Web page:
‘When the Lights are Gone…’: Michael Cohen’s Attorney Promises Consequences If Stormy Daniels Talks (WATCH)




An attorney for Michael Cohen levied a threat toward porn star Stormy Daniels Friday afternoon in an interview on the Law&Crime Network. (Cohen is an attorney for Donald Trump and/or his affiliated companies.) Speaking with Law&Crime’s Lis Wiehl, attorney David Schwartz said he wanted to give Daniels something to think about “when the lights are gone and the cameras are off.” WATCH some of what he had to say in the player above.

Daniels, whose real name is Stephanie Clifford, is suing in California in an attempt to invalidate a nondisclosure agreement she signed shortly before Trump was elected president. The agreement, which Schwartz characterized as between Daniels and a company called Essential Consultants, LLC, required Daniels not to talk about an alleged sexual affair she carried on with Trump. Daniels had spoken out about the alleged affair years before signing the agreement, through what appears to be her original interview was not published until after the agreement was signed. Since signing the agreement, however, Daniels recorded an interview with 60 Minutes, which is purportedly set to air next weekend.

Schwartz argued Daniels had already breached the contract, then said:

That’s a valid contract. It’s a million dollars per violation, and I can tell you, this is right from Michael Cohen’s mouth, he will not rest. He will make it his life’s mission to collect every single cent from Stormy.

Schwartz continued:

If Stormy’s watching right now, when the lights are gone and the cameras are off, and we all can go on with our lives, just know that this violation is blatant, and this violation . . . there will be justice, because he will go after every single penny. He will not rest until he collects millions of dollars in liquidated damages and punitive damages.

Michael Avenatti, an attorney for Daniels, has been making television rounds discussing the lawsuit he filed on her behalf in an attempt to invalidate the agreement. He said Friday on cable news that Daniels had been threatened with physical harm if she spoke further. Schwartz denied any knowledge of this, and asked Daniels to provide proof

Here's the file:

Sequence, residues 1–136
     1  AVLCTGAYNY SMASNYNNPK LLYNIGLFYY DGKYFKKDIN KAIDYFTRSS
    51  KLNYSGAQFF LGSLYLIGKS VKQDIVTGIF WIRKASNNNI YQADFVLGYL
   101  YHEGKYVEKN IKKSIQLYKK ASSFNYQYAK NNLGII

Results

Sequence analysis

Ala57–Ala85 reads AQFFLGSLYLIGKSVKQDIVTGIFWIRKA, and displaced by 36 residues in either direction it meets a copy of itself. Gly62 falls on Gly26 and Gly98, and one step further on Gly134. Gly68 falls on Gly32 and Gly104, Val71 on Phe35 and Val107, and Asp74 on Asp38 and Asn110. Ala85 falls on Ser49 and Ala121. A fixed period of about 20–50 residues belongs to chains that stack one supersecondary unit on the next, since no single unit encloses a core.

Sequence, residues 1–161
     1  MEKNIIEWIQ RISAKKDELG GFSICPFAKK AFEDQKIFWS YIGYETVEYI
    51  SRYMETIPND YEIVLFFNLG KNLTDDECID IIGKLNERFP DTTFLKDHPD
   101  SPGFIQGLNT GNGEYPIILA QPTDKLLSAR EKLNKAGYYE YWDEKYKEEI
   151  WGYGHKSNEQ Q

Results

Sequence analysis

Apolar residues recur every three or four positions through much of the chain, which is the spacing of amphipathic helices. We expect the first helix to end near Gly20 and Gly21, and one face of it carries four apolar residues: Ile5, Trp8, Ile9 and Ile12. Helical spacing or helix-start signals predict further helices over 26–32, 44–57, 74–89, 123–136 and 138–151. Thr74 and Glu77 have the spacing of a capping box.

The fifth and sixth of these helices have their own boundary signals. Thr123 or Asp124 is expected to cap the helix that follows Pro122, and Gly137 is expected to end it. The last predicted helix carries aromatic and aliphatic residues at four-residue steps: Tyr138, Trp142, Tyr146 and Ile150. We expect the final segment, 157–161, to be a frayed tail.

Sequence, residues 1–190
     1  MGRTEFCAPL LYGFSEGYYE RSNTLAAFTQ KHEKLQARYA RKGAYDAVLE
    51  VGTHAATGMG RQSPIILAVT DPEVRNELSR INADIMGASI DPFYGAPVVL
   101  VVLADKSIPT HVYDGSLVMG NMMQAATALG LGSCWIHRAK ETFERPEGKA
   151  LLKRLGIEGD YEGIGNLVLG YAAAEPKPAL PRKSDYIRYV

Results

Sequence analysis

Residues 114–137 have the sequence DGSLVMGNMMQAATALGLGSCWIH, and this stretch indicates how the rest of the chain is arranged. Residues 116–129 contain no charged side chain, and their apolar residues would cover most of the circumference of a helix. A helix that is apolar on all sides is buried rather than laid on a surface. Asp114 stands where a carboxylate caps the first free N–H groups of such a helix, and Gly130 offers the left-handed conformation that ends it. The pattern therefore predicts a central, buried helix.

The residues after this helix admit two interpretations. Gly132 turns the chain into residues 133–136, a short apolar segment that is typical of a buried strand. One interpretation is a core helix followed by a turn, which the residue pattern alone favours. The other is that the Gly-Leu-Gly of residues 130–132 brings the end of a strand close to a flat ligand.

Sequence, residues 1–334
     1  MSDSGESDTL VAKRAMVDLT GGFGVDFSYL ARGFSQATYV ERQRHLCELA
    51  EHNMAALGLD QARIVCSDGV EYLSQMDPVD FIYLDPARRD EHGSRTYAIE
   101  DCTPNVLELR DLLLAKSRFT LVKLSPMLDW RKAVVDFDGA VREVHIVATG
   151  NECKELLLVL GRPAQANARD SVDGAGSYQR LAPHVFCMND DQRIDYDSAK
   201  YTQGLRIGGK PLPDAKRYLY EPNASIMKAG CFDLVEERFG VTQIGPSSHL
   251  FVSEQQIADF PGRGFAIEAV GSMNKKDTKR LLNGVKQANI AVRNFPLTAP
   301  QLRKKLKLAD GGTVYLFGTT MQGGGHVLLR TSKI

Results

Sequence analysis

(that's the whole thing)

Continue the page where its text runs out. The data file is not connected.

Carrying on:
The contract, which Avenatti made public when he filed it as an attachment to the lawsuit, states Daniels was paid $130,000 to keep her mouth shut. If she broke the agreement, she would have to pay a $1 million liquidated damages payment for each and every breach. Avenatti alleges the agreement should be invalid for two reasons:  either (1) because Donald Trump never signed it, or (2) because the contract was legally unconscionable — in other words, unreasonably excessive.

Law&Crime has reached out to Avenatti for comment. If we receive a response, we will update this post.

Aaron Keller is an attorney licensed in two states. He holds a juris doctor degree from the University of New Hampshire School of Law and a broadcast journalism degree from Syracuse University. During law school, he completed legal residencies in the Office of the New Hampshire Attorney General and in a local prosecutor’s office. He was employed as a summer associate in the New Hampshire Department of Safety, which manages the state police, and further served as a summer law clerk for a New York trial judge. Before law school, Keller worked for television stations in New York and in the Midwest, mostly as an evening news anchor and investigative reporter. His original reporting on the Wisconsin murder of Teresa Halbach was years later featured in the Netflix film "Making A Murderer."

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